Talented Sutton Coldfield students have created a stunning art installation to remember the fallen this Remembrance Day, featuring a soldier in a field of poppies made from recycled plastic bottles.
For the past few weeks, years 7, 8, as well as GCSE students in years 9 and 10, have been working on the art. Keen sixth formers, Halle, Charlie, Georgia, Macie, Sean, Nivetha, Miguel, Sarah and Kamille created a John Willmott soldier to feature at the centre of the display.
The whole school, which is part of the respected Arthur Terry Learning Partnership (ATLP), has contributed by saving plastic bottles so that they could be recycled and made into poppies for this spectacular display. Each poppy is individually made from a bottle and each of these poppies represents a fallen soldier, similar to the 2014 project at The Tower of London.
The major art installation Blood Swept Lands and Seas of Red at the Tower of London marked one hundred years since the first full day of Britain’s involvement in the First World War. Created by artists Paul Cummins and Tom Piper, 888,246 ceramic poppies progressively filled the Tower’s famous moat between July and November 2014.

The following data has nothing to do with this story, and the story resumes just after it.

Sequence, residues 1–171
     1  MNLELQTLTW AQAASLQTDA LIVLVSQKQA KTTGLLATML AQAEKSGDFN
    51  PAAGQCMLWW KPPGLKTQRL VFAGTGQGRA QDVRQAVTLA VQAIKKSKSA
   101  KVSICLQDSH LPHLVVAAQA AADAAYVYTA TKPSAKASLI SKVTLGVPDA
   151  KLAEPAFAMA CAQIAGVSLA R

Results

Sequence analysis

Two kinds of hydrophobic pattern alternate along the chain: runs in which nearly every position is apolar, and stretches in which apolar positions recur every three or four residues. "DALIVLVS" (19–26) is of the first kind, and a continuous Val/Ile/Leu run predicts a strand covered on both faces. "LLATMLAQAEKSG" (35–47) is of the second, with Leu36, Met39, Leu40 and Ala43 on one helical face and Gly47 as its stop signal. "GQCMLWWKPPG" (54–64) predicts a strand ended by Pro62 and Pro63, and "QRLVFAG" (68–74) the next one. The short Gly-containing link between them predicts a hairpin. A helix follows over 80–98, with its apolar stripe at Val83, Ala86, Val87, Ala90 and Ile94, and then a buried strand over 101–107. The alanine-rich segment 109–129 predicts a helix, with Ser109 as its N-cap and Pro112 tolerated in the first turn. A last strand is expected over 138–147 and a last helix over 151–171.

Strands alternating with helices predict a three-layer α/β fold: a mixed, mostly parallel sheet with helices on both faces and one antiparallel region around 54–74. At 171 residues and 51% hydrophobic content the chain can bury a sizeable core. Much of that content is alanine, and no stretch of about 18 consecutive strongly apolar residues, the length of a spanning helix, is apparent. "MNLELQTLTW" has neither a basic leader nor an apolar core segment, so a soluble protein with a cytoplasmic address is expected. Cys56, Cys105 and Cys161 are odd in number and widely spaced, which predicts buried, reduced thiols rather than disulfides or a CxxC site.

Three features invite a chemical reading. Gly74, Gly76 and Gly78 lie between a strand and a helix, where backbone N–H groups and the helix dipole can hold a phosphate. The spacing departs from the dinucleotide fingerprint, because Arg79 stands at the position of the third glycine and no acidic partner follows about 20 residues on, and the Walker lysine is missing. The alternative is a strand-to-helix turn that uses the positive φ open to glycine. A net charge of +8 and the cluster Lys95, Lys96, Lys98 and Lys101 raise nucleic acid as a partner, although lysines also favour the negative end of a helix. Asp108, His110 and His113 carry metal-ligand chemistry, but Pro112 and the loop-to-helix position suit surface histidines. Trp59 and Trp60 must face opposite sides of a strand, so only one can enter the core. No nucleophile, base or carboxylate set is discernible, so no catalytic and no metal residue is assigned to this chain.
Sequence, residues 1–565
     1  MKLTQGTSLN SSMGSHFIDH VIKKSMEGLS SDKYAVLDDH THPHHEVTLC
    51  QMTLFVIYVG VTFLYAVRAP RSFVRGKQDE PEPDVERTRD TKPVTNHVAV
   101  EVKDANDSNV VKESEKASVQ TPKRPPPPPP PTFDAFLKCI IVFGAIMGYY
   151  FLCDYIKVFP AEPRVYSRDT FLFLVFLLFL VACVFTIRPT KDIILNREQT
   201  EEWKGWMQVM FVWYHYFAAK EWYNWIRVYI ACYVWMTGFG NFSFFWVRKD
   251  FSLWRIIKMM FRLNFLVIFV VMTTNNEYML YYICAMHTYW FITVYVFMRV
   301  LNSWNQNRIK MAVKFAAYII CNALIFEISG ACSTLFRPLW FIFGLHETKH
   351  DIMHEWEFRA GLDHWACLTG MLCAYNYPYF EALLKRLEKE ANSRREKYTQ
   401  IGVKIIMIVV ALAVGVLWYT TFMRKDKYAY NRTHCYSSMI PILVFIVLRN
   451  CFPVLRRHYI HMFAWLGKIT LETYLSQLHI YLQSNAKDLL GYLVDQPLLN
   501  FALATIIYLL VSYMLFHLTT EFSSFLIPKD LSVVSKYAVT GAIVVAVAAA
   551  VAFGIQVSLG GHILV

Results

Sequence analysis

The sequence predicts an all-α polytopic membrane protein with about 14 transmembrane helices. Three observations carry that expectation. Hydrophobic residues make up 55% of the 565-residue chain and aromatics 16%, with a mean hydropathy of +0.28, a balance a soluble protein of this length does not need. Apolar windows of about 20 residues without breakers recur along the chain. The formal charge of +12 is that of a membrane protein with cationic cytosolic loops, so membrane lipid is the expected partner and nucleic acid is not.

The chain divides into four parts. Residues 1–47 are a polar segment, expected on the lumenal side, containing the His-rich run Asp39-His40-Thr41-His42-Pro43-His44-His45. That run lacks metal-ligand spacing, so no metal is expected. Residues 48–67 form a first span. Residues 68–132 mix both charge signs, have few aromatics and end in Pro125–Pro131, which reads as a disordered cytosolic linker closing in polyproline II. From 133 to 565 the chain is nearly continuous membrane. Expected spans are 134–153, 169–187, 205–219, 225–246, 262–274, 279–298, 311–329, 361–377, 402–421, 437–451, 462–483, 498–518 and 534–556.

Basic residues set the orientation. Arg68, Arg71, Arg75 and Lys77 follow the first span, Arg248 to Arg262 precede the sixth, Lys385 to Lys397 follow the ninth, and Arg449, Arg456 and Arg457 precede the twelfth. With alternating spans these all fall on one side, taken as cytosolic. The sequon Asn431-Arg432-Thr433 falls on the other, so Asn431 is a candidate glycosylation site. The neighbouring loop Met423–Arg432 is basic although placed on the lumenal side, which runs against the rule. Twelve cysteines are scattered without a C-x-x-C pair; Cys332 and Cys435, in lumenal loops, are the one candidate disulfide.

Headteacher Tracey Peters said:
“Remembrance Day is a very important event at school. We knew earlier in the term we would not be able to hold our usual event involving hundreds of students and invited guests. This art installation has given the vast majority of our students the opportunity to get involved in a different and very unique way.”
Emma Balnaves, Head of Art, said:
“This has been an exciting project allowing students to create a long lasting and powerful image for a significant day. The whole department has contributed to this very special piece of art.”
The members of each of the school houses have also contributed to a further display which will hang in the windows at the front of the school. Each student has created a paper poppy in their house colours which has been used to decorate four planes to signify the school houses of Spitfire, Wellington, Hurricane and Lancaster. This work was part of John Willmott’s enrichment programme which gives opportunities for students to be involved in creative and challenging activities for an afternoon a fortnight.